NORMAN – In a season opener filled with consistency, the Oklahoma Sooners found a calm beat on its defensive line.
Blown coverages in the secondary and missed assignments and tackles at linebacker. Unsteady running back production, inconsistent receivers and a quarterback performance that plummeted in the second half to one that didn’t really resemble the Heisman candidacy from the year before. Saturday was hardly a strong performance from just about any perspective for Oklahoma.
That is with exception of the Sooners’ defensive line. There were major questions at just about every defensive spot except defensive line, which returned two starters and a back-up primed for a starting role.
With starting defensive tackle Matthew Romar finally healthy, the defensive looks set to be the heart of the Oklahoma defense.
“Definitely,” defensive end Matt Dimon said. “. . . I think going into camp, we knew that was our role. We had the guys who have played a lot of games. We had the guys who have done a lot of stuff here. And we have depth. I think we held up our end of the deal. We just didn’t come out on top.”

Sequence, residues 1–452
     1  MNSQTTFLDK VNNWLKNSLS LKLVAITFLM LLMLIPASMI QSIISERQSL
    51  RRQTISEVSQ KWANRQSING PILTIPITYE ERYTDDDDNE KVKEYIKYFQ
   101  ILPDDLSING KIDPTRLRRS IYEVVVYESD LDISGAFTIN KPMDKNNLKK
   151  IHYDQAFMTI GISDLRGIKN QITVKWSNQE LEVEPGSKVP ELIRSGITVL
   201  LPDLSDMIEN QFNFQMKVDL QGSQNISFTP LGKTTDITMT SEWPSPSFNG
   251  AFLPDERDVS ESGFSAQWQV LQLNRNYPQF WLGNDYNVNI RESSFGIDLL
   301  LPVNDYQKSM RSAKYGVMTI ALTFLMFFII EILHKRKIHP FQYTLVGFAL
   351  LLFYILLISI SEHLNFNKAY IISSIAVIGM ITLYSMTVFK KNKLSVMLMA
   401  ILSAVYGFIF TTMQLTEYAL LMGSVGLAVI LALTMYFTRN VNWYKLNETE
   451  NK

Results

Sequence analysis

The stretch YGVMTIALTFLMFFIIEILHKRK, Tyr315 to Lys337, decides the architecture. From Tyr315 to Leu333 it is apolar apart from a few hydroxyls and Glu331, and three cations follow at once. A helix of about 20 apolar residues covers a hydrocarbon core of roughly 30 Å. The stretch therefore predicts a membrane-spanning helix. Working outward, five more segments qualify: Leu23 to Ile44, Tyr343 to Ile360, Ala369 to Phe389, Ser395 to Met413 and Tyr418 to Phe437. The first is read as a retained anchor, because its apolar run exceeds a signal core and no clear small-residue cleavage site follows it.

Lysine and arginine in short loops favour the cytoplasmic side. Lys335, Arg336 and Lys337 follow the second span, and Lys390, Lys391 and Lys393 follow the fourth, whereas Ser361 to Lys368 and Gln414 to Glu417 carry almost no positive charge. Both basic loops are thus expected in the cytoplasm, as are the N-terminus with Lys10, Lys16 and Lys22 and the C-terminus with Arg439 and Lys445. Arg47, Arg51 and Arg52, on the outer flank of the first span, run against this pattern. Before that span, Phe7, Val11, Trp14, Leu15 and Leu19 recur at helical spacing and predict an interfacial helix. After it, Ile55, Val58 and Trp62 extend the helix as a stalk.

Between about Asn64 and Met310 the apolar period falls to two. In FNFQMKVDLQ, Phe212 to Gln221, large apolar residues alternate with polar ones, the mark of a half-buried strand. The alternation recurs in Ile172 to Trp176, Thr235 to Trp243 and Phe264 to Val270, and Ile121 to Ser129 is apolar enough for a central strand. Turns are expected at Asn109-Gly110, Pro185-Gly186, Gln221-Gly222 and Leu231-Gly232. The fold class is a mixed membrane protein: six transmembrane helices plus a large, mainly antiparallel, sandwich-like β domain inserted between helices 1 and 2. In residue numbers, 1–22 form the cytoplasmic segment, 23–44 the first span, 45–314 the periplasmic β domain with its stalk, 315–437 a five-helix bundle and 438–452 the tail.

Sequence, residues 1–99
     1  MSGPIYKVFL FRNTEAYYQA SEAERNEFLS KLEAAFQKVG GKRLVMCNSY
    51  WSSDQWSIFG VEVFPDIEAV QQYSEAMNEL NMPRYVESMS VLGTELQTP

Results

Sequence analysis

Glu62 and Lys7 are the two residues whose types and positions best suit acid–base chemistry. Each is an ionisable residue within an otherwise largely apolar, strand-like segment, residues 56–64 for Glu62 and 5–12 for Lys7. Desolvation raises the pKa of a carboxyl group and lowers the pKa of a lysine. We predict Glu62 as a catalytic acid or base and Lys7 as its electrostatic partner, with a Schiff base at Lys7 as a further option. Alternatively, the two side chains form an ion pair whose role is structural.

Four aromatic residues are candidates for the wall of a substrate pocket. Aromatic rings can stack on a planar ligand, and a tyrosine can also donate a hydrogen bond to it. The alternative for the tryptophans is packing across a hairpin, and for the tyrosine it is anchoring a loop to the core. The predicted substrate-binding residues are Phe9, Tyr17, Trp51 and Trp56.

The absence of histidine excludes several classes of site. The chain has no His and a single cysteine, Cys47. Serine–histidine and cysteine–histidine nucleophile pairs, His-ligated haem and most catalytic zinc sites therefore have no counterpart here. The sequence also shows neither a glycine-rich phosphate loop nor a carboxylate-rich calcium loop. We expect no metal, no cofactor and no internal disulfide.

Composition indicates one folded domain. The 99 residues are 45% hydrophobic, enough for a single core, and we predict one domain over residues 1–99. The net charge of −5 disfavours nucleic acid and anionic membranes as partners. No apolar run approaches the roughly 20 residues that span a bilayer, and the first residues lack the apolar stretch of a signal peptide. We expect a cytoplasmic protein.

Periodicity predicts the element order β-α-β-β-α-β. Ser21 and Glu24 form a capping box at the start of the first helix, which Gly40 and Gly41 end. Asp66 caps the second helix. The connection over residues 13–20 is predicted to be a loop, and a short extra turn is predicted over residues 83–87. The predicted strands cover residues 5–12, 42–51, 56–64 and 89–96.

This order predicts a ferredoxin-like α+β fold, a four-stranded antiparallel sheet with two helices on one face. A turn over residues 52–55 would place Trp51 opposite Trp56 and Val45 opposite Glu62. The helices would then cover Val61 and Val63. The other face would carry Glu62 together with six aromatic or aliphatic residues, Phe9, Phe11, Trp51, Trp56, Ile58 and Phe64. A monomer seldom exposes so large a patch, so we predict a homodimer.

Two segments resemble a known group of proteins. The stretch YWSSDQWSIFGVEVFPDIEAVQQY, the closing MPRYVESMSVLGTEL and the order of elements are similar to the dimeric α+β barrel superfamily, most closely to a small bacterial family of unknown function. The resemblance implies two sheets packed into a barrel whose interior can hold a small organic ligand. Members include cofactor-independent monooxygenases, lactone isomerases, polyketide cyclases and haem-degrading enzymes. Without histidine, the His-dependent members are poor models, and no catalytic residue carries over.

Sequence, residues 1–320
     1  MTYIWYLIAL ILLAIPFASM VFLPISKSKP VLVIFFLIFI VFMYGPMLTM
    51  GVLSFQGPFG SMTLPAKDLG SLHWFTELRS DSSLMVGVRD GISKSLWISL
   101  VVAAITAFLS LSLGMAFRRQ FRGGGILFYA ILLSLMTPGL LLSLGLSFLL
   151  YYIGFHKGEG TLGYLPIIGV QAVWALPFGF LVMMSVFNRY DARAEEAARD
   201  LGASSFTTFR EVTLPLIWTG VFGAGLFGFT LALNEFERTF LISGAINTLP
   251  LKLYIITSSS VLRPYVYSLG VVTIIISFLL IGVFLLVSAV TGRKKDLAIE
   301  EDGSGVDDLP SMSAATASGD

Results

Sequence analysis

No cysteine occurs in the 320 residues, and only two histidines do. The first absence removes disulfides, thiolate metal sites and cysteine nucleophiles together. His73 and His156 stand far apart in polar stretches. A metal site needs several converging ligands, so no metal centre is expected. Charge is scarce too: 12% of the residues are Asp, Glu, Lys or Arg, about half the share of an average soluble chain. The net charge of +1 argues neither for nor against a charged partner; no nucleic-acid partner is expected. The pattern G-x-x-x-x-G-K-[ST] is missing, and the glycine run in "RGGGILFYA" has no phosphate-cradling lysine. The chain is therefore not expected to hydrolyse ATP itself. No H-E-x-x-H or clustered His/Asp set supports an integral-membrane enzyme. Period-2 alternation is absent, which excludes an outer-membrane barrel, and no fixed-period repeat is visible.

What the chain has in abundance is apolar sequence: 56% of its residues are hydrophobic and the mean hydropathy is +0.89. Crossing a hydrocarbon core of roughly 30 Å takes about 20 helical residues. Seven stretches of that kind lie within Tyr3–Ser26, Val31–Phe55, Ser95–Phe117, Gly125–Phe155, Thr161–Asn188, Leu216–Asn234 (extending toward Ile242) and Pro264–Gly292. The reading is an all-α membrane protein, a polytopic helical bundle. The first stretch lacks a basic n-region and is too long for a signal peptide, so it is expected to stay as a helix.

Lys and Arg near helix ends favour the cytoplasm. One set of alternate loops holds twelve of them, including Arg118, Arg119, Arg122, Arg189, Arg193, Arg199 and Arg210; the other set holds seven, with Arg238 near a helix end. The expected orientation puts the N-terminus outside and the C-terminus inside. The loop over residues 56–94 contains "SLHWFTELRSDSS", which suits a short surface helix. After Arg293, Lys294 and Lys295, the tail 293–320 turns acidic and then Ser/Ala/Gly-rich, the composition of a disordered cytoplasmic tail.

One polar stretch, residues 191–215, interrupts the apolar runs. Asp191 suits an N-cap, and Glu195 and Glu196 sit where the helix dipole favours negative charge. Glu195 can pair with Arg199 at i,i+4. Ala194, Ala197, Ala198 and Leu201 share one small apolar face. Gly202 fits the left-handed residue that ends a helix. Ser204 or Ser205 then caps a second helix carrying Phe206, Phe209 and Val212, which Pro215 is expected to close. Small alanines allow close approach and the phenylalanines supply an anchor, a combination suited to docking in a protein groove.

Dimon quickly said that the defensive line could have done even more to help out the rest of the defense. The unit clearly understands that the defense is one unit, but the front three have a chance to set the tempo.
“Up front the guys played effectively and made some plays for us and gave us a chance to really be effective in the run game,” Oklahoma defensive coordinator Mike Stoops said. “Our ability to rush the quarterback has to continue to improve. We have to find ways that we can continue to get pressure on the quarterback.”
Starters Dimon, Charles Walker and Jordan Wade finished with a combined nine tackles, 3.5 tackles for loss, one sack and three quarterback hurries. Now, Romar comes back and Austin Roberts gets more snaps.
Oklahoma held Houston to just 2.2 yards per carry on 40 attempts between mobile quarterback Greg Ward and Duke Catalon.
“We controlled what we could control. . . . Most games you do that, you usually end up on the other side of the scoreboard,” Dimon said. “At the end of the day, we are all in it together as a defense, and we just didn’t get it done.”